5. armadino_setup.h. This is where some changes can be made concerning Armadino's bahaviour, the two main ones being whether the buzzer tone should be software driven, and if the TVout library will be used. See the comments in the file for more details.
  6. examples folder. There are programs for a clock, some games and a separate folder for TVout games. More details are available in later sections of this Instructable.
  7. Downlaod the TVout library with Arduino IDE's Library Manager. Some minor modifications to the TVout library are required, see the comments in armadino_setup.h.
  8. Attached a USB to serial breakout to the Armadino's serial-TTL pinouts. 5V is needed, and there are many options from Sparkfun and alternatives: https://www.sparkfun.com/products/9716, https://www.sparkfun.com/products/15096. They typically use a FTDI's FT232 or WCH's CH340 chip, and has a jumper on the back of the board that allows the board to be configured to either 3.3V or 5V.
  9. Install the serial driver if you are prompted to.
  10. Launch Arduino, select Arduino UNO and the comm port assigned to the USB-serial breakout, and we are set to go.

Step 9: Programming the Armadino: Snake and Space Invaders Game

Let's use the classic Snake game to get an overview of how to programming the Armadino (refer to the code in Snake.ino, in the examples folder of the Armadino library). Broadly, after setting up the dot matrix and 7-segment bitmaps, the loop polls whether a button has been hit and carries out the action accordingly.

  1. (line 12) Define an Armadino instance, rmdn, and (line 13 & 14) LedMatrix and Led7Seg instances, m & s respectively, to hold the bitmaps for the dot matrix and 7-segment "score board".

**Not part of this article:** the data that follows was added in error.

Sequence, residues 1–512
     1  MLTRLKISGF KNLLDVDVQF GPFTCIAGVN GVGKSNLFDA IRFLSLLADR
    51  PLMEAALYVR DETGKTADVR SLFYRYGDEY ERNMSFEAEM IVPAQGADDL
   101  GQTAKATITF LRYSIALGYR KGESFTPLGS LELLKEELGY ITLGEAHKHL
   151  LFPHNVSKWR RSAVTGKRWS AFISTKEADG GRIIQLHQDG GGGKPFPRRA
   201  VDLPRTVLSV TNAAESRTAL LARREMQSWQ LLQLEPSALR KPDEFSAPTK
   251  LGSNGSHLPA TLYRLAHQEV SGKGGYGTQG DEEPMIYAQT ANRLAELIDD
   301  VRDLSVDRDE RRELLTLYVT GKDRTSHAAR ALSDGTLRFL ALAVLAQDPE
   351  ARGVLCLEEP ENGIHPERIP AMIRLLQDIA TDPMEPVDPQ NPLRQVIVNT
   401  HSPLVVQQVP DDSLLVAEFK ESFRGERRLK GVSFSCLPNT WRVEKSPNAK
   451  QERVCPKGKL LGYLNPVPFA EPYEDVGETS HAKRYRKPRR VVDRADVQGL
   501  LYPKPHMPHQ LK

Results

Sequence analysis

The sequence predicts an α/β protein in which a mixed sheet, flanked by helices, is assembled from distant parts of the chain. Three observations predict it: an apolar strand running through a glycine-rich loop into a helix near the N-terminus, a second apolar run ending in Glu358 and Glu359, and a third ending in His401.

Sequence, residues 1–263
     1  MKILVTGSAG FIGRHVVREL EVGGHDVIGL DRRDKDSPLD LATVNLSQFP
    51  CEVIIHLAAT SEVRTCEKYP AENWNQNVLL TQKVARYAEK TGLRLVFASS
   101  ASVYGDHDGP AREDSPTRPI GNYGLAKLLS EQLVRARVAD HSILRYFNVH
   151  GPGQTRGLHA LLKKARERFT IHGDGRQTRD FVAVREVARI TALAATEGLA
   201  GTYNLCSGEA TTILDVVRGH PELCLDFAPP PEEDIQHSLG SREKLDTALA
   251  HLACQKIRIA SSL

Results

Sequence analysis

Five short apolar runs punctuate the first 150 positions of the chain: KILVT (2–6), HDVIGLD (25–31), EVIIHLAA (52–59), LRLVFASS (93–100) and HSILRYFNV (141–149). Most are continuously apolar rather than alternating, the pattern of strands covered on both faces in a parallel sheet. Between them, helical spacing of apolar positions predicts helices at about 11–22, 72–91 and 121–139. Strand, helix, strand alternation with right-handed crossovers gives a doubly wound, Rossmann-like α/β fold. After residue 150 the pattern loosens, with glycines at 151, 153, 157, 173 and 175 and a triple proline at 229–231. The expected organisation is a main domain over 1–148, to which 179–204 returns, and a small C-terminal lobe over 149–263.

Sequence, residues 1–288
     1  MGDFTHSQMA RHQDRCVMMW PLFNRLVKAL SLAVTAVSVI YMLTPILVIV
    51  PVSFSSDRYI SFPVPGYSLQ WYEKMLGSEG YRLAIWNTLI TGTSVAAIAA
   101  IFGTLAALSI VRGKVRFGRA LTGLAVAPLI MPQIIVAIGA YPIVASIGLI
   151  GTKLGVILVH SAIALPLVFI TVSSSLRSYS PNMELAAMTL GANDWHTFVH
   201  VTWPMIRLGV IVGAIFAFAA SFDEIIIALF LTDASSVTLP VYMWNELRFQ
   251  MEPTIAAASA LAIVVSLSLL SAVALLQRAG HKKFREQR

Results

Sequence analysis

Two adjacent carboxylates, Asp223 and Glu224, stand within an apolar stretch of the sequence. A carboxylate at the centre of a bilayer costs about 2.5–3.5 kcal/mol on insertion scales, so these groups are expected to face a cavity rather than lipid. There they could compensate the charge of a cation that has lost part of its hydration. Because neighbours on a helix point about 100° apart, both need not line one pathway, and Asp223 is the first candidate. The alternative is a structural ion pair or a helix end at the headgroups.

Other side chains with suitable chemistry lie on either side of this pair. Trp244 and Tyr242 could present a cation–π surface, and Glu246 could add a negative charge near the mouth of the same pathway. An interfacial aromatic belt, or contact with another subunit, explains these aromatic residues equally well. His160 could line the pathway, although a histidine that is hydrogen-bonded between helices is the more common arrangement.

2. (line 23) In setup(), call rmdn.begin() to setup the Armadino hardware and interrupt service routines.
  3. (line 24,25) get rmdn to display m and s instances by calling rmdn.show().
  4. (line 45), poll the buttons state with rmdn.checkButtonsPress().
  5. (line 46-57), carries out the button actions.

The snake isn't complicated to animate, as the body (made up of a sequence of dots) only needs to follow the head. Thus, each dot takes the place of the proceeding dot as the head moves in the direction according to the button pressed. The snake grow in length as it crosses a "food" dot (line 94), which is ramdonly placed (line 100).

The Space Invaders, Invaders.ino, is arguably more complicated than the Snake game. The novelty lies in how sparse the LED matrix is. While brutal simplification and some imagination are needed to make a game, the programming is not overbearing and quite satisfying.

Step 10: Using the Armadino As a Electronic Kit

By attaching a mini breadboard on its back, Armadino can be used as a self-contained electronic kit, with an integral standing LED display. The mini breadboard is aligned to the two 8-pin headers.